A weekly coffee meeting recently brought two strangers together. They soon realized they had something very important in common.
Celia McCollum looks at pictures of her daughter Amanda and says, "She was always smiling."
She says she was happy all the time, in pictures, at home and at work. McCollum says, "She was working as an EMT, trying to go into that career."
McCollum says her daughter Amanda was a busy single mom of two young boys. She was just 26 years-old when she started having heart problems. She says, "But, they couldn't figure out exactly what the problems were. She complained of her heart beating very rapid." She goes on to say, "She was at the neighbor's one night sitting and visiting with her and had a heart attack and died."
That was eleven years ago. But as Amanda's life ended, several others got a new start. McCollum says, "Saving people and helping people, she always wanted to help people, always no matter what it was. So, she left five organs to other people."
Amanda became an organ donor, giving four people another chance at life. Her family wrote to the recipients through the Iowa Donor Network. They learned their first names and how old they were.
But, just a couple weeks ago, one of the recipient's stories unexpectedly came to life. The meeting happened by chance at The Brick Street Books and Cafe in Adel. A meeting they say changed their lives. Jackie Mundus Keegan says, "I was stunned. I don't know. I can't find the words to describe it."
Mundus Keegan started working at the coffee shop last September when she moved to Adel. It's the same place Celia McCollum met a group of friends each week. Then, a couple weeks ago, one of the ladies saw Jackie at the kidney doctor's office. Jackie says, "She wanted to know why I had been to the doctor. And I told her I had a kidney/pancreas, transplant, and that I had to go for follow-up."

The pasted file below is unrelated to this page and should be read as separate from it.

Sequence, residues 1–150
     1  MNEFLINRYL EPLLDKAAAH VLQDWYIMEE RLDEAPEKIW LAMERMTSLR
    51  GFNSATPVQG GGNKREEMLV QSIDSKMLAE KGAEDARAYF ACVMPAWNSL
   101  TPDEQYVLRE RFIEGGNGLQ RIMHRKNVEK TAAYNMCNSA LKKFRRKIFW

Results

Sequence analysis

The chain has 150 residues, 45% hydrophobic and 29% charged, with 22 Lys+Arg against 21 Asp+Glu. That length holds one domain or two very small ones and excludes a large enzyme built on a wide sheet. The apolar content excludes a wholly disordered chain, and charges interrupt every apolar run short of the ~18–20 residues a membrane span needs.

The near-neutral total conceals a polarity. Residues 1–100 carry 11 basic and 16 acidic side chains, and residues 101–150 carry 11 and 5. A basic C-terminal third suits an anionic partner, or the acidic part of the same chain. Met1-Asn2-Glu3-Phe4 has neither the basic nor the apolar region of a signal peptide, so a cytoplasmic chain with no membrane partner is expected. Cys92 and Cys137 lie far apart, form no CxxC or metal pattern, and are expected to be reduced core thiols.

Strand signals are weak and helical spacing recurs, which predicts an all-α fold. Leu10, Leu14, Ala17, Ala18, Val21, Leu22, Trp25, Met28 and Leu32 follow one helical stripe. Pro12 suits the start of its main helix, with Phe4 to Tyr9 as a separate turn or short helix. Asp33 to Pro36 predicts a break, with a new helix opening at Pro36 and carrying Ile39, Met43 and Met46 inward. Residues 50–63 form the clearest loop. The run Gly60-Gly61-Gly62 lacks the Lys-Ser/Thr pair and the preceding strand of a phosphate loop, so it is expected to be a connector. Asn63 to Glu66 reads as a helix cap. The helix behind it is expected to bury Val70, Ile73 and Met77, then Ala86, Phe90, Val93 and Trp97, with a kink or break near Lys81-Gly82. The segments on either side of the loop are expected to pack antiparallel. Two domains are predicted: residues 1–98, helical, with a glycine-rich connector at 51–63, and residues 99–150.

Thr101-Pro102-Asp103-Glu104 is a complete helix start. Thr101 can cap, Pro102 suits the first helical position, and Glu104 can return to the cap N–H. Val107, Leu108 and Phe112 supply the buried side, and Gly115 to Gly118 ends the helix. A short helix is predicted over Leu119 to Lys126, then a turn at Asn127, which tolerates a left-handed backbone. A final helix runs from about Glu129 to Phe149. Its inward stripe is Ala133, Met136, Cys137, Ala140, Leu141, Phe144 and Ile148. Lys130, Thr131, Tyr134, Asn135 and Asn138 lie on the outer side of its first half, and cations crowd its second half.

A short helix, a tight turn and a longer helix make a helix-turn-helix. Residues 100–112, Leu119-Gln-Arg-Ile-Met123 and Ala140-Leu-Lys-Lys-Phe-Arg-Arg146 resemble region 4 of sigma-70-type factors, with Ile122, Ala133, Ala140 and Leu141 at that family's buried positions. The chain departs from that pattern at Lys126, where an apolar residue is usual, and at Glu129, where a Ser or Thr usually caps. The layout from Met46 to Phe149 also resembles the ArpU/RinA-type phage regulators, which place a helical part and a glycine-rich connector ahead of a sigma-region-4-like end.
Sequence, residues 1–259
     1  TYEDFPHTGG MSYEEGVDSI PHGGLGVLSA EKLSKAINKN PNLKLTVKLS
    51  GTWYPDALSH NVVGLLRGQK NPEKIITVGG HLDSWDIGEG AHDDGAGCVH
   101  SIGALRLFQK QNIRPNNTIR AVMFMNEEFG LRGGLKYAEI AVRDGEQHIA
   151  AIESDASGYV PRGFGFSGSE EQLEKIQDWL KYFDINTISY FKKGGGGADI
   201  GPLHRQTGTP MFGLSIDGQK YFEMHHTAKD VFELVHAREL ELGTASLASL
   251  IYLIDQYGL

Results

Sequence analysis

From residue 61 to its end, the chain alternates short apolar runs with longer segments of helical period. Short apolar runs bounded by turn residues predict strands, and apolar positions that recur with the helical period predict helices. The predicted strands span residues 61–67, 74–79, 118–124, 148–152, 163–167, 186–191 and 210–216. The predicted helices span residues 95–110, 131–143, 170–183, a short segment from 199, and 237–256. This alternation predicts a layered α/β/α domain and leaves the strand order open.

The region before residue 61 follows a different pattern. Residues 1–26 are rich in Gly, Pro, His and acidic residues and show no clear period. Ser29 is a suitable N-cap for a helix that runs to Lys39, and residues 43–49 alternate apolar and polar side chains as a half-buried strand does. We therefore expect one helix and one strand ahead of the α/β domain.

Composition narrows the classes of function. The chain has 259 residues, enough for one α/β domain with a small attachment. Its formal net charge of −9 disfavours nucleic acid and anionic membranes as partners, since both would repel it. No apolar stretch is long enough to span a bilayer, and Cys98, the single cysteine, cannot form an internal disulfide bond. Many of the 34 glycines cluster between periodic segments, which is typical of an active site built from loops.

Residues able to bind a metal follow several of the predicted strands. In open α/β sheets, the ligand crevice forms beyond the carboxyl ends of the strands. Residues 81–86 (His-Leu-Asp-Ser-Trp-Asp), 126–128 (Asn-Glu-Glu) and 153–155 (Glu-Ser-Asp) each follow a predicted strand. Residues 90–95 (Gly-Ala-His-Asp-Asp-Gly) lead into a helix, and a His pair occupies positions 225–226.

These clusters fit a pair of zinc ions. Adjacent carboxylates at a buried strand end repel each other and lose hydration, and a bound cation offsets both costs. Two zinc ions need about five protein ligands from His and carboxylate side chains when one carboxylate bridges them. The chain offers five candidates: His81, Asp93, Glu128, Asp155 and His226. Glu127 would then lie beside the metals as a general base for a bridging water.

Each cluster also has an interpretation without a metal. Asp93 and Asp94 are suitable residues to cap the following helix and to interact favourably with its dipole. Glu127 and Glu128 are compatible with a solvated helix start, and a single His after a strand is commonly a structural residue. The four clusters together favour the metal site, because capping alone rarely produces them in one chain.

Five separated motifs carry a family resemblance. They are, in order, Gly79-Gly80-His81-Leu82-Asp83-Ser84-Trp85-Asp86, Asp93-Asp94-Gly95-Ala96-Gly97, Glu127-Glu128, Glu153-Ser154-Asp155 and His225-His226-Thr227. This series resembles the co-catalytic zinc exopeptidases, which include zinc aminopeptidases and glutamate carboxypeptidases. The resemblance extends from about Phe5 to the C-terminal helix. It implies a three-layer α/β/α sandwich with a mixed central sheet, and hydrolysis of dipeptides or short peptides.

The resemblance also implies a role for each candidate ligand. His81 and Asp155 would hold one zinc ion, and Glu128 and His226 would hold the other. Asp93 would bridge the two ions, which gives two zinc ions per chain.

McCollum says, "I went up and talked to Jackie and said, can I ask you a question? She said sure. Did you get a transplant on August 28, 2001? And, she said yes."
To be sure, McCollum confirmed the story with the Iowa Donor Network. Both women say making the connection was an emotional moment. McCollum says, "She's just so full of life, so happy, and I'm just thrilled my daughter's life, her death, really could help someone live."
Jackie says, “Because of her I'm still going." She goes on to say, "It was nice to see the lady that gave these organs to me. It was nice to put a face to her name."
Now, the ladies say they’re each like a part of the family and plan to keep in touch.
More than 600 Iowans are currently on the waiting list for an organ transplant, according to the Iowa Donor Network's website. More than 116,000 people are waiting in the country.
If you'd like to donate your organs, check the yes box when you get your Iowa driver's license. You can also sign up and get more information on the donor registry website.